This is NOT an animal. It is NOT alive. But is it like your toaster?

Recently in our internal mailing lists we have discussed hyperbole in cognitive science; and all the fantastic claims that numerous cognitive scientists make. Every would-be Dr. Frankenstein out there seems to claim to have grasped the fundamental theory of the mind, and in next year we will finally have the glorious semantic web, we will be translating War and Peace into Hindu in 34 milliseconds, we will be having love and sex with robots, and, of course, we will be able to download our minds into a 16GB iPhone and finally achieve humanity’s long-sought after ideal of immortality

Doug Hofstadter, of course, has long been dismissing these scenarios as nothing short of fantastic.  

I think it’s safe to say that, in these sacred halls of CRCC, we are Monkeyboy-Darwinist-Gradualists who really disgust “excluded middle theories”: Either something understands language or it doesn’t. Either something has consciousness or it doesn’t. Either something is alive or it isn’t. Either something thinks or it doesn’t. Either something feels pain or it doesn’t. 

I guess it’s safe to say that we believe in gradualism. The lack of gradualism and the jump from interesting ideas to “next year this will become a human being” goes deeply against my views. So my take on the whole issue of grand statements in Cognitive Science is that much more gradualism is needed. People seem to be having enormously simplistic views of the human mind. As gradualists, we do, however, believe in the longer-term possibility of the theories being developed and cognitive mechanisms being advanced and machines becoming more and more human-like. 

In fact, Harry has even stopped (but note that “stopping” is temporary, and is different from “quiting”, or “forever leaving”) his work on Bongard problems. Harry feels that our work will lead to dreadful military stuff. In fact, it is already happening, as he points out, and here is an eerie example.  (Look at how this thing escapes the near certain fall in the ice.) 

This “baby” is called the BigDog, and, yes, it is funded by DARPA. So there we have it, Harry: already happening. The military will get their toys, with or without us.And this is gradualism at its best.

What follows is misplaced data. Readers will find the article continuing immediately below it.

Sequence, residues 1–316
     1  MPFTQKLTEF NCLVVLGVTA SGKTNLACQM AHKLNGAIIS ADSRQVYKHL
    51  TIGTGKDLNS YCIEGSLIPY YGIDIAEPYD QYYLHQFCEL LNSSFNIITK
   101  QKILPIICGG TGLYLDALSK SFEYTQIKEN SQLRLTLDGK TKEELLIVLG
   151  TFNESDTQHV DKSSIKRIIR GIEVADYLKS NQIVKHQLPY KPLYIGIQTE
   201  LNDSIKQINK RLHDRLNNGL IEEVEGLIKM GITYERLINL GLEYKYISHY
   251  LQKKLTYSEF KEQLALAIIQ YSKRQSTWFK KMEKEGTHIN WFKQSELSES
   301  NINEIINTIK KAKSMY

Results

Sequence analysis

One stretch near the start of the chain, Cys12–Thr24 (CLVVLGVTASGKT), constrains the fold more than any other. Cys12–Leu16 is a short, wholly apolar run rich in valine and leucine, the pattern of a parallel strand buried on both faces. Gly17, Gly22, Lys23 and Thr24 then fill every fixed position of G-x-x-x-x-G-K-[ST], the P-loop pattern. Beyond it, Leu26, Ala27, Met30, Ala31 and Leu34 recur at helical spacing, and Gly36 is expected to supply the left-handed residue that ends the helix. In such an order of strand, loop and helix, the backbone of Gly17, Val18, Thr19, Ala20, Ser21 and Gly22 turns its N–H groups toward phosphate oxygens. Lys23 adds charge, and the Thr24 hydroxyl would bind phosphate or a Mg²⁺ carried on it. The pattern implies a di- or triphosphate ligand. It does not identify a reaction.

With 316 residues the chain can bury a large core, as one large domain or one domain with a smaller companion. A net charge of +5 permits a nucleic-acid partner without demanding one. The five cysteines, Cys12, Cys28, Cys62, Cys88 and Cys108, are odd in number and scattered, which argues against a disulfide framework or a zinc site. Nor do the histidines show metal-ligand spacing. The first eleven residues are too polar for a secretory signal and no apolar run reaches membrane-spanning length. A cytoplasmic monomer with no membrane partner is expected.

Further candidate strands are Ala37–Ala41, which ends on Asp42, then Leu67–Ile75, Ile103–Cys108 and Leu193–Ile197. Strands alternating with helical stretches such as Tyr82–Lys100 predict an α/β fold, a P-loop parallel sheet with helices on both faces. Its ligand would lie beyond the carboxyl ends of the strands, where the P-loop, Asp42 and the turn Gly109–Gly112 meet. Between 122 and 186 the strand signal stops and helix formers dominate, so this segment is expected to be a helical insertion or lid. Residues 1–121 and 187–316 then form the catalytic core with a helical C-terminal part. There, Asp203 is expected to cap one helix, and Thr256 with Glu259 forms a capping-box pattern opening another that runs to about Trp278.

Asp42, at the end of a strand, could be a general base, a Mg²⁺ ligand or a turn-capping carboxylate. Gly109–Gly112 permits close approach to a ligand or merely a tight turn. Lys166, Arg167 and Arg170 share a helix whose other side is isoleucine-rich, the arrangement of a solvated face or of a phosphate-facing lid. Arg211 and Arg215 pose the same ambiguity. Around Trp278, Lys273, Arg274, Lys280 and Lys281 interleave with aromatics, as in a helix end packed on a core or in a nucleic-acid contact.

Remember: this thing is not an animal.

It is not alive.

But is it just as mechanic as a toaster?

Explore posts in the same categories: Author: Alexandre Linhares, General


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3 Comments on “This is NOT an animal. It is NOT alive. But is it like your toaster?”

  1. Michael Says:

    Isn’t that the coolest thing you ever saw? Incidentally, the Internet was developed with military funding as well (didn’t call it the ARPAnet for nothing.) I figure if you can pry some dollars out of the Pentagon that aren’t used for killing people, that’s a win.

    But I can understand Harry’s unwillingness to have his work be the work that’s inevitably misused.

  2. Harry Says:

    Since the day Alex posted this interesting report I made an effort to figure out why I have this gut feeling that this gadget called “BigDog” is not the kind of thing that should concern me at all. Here’s what I thought — not necessarily all correct:

    BigDog doesn’t satisfy a single one of the 6½ cognitive principles that I described in this web page:

    OK, you’d think, so what? This is *your* list of principles Harry, there might be other ones that you’ve missed. Fine, so help me, dear fellow fargonauts, what is it that I’ve missed which, like the 6½ principles, is uniquely human, but emerged out of lowly biological roots (and in human cognition it was elevated to a higher level of significance), and which this BigDog thing possesses.

    Could it be its ability to *adapt* to unprecedented input? But this is not uniquely human, it’s general animal cognition. A mosquito can do that, too. In fact, a mosquito can not just avoid tumbling over after being hit; it can avoid being hit in the first place by reacting faster than our sluggish brains, and it can hide itself in the most unexpected places — in environments that weren’t available when it evolved, such as our clothes. Does BigDog possess more complex cognition than a mosquito? Doesn’t look like. It can be more *useful* to us, sure, but in terms of cognition it probably has less than “0.00000001 hunekers’ worth of consciousness” — Doug’s facetious estimate of mosquito “I-ness” (in “I Am a Strange Loop”, p. 209).

    Speaking of usefulness, and comparing BigDog to my toaster, Alex, I know my toaster will toast the bread, day in, day out. I wonder, for how long can this BigDog walk before its battery fails and it falls flat on its belly? 😉

    Anyway, to sum it up, I think BigDogs like this one are on a dead end concerning human cognition. They cause a lot of Eliza effect on us when we watch them, but, other than that, I fail to see how they’d revolutionize research in cognition — correct me if I am wrong.

  3. Michael Says:

    I think Alex’s point is, in fact, that BigDog will not revolutionize research in cognition, thereby illustrating the notion that revolution is not the point, and that evolution will prevail.

    I happen to agree with him on that.

    And I have to say that robust reaction to physical reality is a strong early step.

    Also: don’t mention mosquitoes. They’ve been horrible these past two weeks. Doesn’t help that our sliding glass door’s wheels broke and so I’ve had the door lying on the balcony for a while. Now there are twenty mosquitoes in the bathroom — no matter how many I kill.

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